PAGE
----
tumulus


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Related to tumulus: burial mound

tu·mu·lus

 (to͞o′myə-ləs, tyo͞o′-)
n. pl. tu·mu·li (-lī′)
An ancient grave mound; a barrow.

[Latin; see teuə- in Indo-European roots.]

tumulus

(ˈtjuːmjʊləs)
n, pl -li (-liː)
(Archaeology) archaeol (no longer in technical usage) another word for barrow2
[C17: from Latin: a hillock, from tumēre to swell up]

tu•mu•lus

(ˈtu myə ləs, ˈtyu-)

n., pl. -lus•es, -li (-ˌlaɪ)
an artificial mound, esp. over a grave; barrow.
[1680–90; < Latin: mound, swelling =tum(ēre) to swell + -ulus -ule]
tu′mu•lar, tu′mu•lous, tu′mu•lose` (-ˌloʊs) adj.

tumulus

, barrow - A tumulus is the mound of earth placed over a tomb, synonymous with barrow.
See also related terms for mound.

tumulus

An ancient grave mound or barrow.
ThesaurusAntonymsRelated WordsSynonymsLegend:
Noun1.tumulus - (archeology) a heap of earth placed over prehistoric tombstumulus - (archeology) a heap of earth placed over prehistoric tombs
hill, mound - structure consisting of an artificial heap or bank usually of earth or stones; "they built small mounds to hide behind"
archaeology, archeology - the branch of anthropology that studies prehistoric people and their cultures
Translations

tumulus

[ˈtjuːmjʊləs] N (tumuli (pl)) [ˈtjuːmjʊlaɪ]túmulo m

tumulus

nTumulus m, → Grabhügel m
References in classic literature ?
In the centre was a hillock or tumulus, surmounted by a scorched hawthorn.
The Celtic dolmen and cromlech, the Etruscan tumulus, the Hebrew galgal, are words.
The shadow of the Saxon hero-king still walks there fitfully, reviewing the scenes of his youth and love-time, and is met by the gloomier shadow of the dreadful heathen Dane, who was stabbed in the midst of his warriors by the sword of an invisible avenger, and who rises on autumn evenings like a white mist from his tumulus on the hill, and hovers in the court of the old hall by the river-side, the spot where he was thus miraculously slain in the days before the old hall was built.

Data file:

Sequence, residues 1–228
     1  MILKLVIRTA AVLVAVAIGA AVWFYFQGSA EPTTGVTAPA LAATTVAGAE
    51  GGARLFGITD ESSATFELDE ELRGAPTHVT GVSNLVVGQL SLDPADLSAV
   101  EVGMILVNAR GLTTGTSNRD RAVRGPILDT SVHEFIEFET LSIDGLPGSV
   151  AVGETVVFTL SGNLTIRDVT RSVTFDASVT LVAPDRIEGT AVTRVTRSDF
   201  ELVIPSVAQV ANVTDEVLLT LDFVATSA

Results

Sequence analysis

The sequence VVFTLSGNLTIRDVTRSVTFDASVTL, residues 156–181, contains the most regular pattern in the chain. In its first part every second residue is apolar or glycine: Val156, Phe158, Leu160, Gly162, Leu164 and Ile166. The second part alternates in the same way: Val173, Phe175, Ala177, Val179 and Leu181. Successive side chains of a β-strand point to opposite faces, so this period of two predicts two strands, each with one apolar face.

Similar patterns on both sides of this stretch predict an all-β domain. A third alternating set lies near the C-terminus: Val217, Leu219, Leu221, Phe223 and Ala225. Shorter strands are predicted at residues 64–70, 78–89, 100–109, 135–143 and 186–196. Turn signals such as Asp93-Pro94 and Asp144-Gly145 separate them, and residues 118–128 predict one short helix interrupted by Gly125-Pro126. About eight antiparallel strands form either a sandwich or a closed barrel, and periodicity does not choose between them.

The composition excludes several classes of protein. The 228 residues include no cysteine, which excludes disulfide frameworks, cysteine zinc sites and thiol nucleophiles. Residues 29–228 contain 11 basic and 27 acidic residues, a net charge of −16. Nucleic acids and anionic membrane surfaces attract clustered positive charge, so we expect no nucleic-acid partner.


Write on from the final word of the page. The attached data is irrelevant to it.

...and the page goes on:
Archeologists have been carrying out excavations in Karum hamlet near Kultepe tumulus, where Assyrians used to live, since 1948.
The same name is shared by a tumulus near Bwlch-y-Ddeufanin Gwynedd and a natural outcrop of rock near the waterfall at Llanrhaeadr in Powys.
It consisted of a 53m-long Neolithic barrow, which had developed from a group of eight non-megalithic graves, and four additional earth-covered megalithic dolmen chambers which had between them gradually elongated the tumulus (Figure 2).
The town, known for its vineyards for centuries, is also home to the tumulus of the Trojan hero Hector.
Finally, a new feature of the Gordion Museum will offer its visitors a 3D tour of the Gordion tumulus of King Midas, which is normally closed to visitors.
Here, however, the ramp is barely visible due to the construction of a large tumulus tomb at the apex of the kite's arms (Figures 9 & 10).
Scientists found 4,000-year-old three lentil seeds in Seyitomer Tumulus in the western province of Kutahya.
A dig kicked off at the Hacylar tumulus in the southern province of Burdur, led by Professor GE-lsE-m Umurtak from ystanbul University's archeology department.
It was he, for instance, who encouraged us to see the 'hache-charrue' design on some standing stones as a representation of a sperm whale; who pioneered innovative techniques of recording and mapping monuments; who discovered stone alignments that had been drowned by the rising sea; who investigated the long-distance contacts of the builders of the gigantic tumulus carnaceens; and who worked with Jean L'Helgouach on the astonishing complex of monuments at Locmariaquer (the definitive publication on which fieldwork is shortly to be published).